Did you know that you can grow an avocado from an avocado pit? It’s very easy to do, and an excellent way to have a constant supply of nutritious avocados all year round. That being said, it does require patience to bear fruit for the first time. But once the plant matures you can truly get the unlimited supply you’re looking for.
According to the California Avocado Commission, “be patient about seeing fruit. If you have purchased and planted a tree, you can probably expect to see your first fruit 3-4 years after planting. If you are growing from seed, it can take anywhere from 5 to 13 years before the tree is mature enough to set fruit.”
The Health Benefits of Avocados
Avocados bring a healthy balance of valuable nutrients to the table, offering:
- A rich source of good fat
- Vitamin A
- Vitamin E
- Vitamin B6 & more
This fruit has also been linked to a reduced risk of heart disease, eye degeneration, and even cancer.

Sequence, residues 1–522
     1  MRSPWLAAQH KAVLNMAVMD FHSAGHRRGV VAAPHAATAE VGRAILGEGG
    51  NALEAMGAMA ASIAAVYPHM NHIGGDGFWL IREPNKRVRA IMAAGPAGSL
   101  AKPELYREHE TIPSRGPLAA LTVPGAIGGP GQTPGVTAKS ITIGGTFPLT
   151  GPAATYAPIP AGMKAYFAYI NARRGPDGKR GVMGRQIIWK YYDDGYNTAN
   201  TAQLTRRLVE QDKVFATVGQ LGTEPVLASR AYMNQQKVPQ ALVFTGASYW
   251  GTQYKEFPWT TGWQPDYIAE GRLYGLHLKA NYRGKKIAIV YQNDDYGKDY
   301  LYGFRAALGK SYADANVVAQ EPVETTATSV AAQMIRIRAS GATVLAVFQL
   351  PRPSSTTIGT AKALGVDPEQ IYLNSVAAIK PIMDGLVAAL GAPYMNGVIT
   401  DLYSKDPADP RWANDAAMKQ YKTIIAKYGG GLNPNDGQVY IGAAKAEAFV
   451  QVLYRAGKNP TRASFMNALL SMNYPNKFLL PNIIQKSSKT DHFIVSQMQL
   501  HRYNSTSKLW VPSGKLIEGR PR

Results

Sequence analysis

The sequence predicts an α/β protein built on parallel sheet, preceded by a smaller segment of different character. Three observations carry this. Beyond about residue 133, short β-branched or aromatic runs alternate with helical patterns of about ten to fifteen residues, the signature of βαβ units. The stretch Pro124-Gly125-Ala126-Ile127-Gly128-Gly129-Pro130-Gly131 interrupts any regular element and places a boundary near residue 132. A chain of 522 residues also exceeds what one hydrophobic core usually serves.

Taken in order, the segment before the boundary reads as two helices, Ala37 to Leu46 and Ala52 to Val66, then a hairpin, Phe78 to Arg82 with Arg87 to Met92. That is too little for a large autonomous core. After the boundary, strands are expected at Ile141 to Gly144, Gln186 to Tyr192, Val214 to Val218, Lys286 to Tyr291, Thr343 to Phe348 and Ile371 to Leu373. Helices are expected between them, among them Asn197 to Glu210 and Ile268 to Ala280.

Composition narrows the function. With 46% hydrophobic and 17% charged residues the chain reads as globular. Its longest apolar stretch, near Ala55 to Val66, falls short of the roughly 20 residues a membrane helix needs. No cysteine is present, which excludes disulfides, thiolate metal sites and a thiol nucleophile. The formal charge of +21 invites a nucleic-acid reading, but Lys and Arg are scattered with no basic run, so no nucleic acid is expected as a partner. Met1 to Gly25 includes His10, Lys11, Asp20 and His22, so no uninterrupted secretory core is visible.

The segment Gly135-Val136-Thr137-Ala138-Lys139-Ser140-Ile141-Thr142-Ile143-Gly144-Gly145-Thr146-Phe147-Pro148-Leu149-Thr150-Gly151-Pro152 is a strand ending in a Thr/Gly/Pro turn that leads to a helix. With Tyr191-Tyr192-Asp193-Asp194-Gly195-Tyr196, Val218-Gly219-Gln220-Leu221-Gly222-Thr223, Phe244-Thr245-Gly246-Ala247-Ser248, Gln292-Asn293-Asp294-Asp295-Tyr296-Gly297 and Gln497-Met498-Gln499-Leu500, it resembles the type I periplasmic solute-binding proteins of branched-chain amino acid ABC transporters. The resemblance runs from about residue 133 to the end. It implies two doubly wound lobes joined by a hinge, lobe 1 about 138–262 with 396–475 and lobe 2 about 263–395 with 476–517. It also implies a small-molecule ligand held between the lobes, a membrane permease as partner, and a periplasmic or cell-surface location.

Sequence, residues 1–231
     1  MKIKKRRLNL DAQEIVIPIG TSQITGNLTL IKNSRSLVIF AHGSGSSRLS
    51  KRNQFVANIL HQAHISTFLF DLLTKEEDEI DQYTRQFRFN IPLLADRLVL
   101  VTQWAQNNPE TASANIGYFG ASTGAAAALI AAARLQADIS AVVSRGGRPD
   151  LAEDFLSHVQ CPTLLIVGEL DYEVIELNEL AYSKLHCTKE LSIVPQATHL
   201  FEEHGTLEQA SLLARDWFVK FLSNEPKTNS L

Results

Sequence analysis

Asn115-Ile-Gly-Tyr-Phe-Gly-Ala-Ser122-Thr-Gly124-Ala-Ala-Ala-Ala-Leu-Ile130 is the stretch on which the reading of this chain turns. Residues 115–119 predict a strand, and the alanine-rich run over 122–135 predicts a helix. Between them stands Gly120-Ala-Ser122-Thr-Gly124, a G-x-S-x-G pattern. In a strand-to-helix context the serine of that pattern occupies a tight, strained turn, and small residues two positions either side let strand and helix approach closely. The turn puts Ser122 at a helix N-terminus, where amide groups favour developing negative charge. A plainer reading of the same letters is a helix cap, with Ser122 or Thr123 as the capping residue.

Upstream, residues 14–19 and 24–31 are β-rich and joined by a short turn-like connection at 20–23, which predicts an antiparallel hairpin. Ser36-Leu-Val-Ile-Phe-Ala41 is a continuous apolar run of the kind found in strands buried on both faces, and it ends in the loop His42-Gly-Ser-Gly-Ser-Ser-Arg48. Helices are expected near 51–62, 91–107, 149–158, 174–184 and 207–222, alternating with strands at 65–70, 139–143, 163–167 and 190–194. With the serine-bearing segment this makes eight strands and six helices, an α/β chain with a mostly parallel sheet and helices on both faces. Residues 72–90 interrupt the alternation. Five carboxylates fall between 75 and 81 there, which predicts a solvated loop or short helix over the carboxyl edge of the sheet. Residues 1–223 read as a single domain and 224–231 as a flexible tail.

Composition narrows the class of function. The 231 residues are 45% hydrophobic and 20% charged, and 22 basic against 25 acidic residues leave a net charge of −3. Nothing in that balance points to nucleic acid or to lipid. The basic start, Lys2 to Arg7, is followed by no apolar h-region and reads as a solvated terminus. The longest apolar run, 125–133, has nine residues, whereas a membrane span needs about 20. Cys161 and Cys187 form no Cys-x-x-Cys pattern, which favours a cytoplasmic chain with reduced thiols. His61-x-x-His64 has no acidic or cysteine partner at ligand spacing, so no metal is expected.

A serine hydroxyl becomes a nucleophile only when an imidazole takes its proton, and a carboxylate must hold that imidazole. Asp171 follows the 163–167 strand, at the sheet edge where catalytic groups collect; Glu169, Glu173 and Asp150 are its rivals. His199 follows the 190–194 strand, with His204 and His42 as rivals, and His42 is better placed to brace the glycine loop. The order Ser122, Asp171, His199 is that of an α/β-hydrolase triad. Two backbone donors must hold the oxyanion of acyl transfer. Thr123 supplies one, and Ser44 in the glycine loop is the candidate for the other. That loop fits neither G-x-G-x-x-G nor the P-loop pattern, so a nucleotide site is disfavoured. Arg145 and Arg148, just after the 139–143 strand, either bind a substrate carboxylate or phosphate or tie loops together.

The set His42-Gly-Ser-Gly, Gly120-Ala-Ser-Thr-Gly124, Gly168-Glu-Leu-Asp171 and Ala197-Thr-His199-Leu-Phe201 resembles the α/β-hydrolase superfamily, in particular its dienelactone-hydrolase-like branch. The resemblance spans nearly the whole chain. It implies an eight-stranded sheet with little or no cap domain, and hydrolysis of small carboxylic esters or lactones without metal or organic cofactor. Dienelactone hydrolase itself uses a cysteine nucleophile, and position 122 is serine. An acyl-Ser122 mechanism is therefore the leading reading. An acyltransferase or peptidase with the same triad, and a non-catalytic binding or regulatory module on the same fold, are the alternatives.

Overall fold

How can you grow them?
Grow an Avocado Tree from an Avocado Pit
- Remove the large pit from inside an avocado, rinse well, and dry.
- Take four quality toothpicks and stick them into the sides of the pit at about the mid height of the pit. The toothpicks will be used to suspend the pit in water, while keeping the top half in the air.
- Fill a jar with room-temperature water. Place the avocado pit with the pointed end facing up and the wider, flat end facing downward into the glass so that the toothpicks rest on the rim. The bottom 1cm of the pit should be under the water.
- Replace the water in the glass at least two or three times per week to provide fresh water and prevent mold from growing.
- In 2-6 weeks, roots and a stem will sprout from the seed. When the stem is about six inches long, trim it in half.
- Pot the sprouted seed in a mixture of one part potting soil, one part peat moss and one part perlite using care not to damage the root. Position the seed so that the top of the seed is above the soil level.
- Move you avocado plant to a sunny location that receives direct sunlight. Growing the plant in low light conditions results in a tall stem with small leaves. These sun-loving plants need adequate sunlight to develop.
- Summer you avocado plant outside in a sunny area, but don’t forget to bring it inside when nighttime temperatures begin to dip into the 50s in late summer or early fall
Article originally posted on LivingTraditionally.com republished with permission.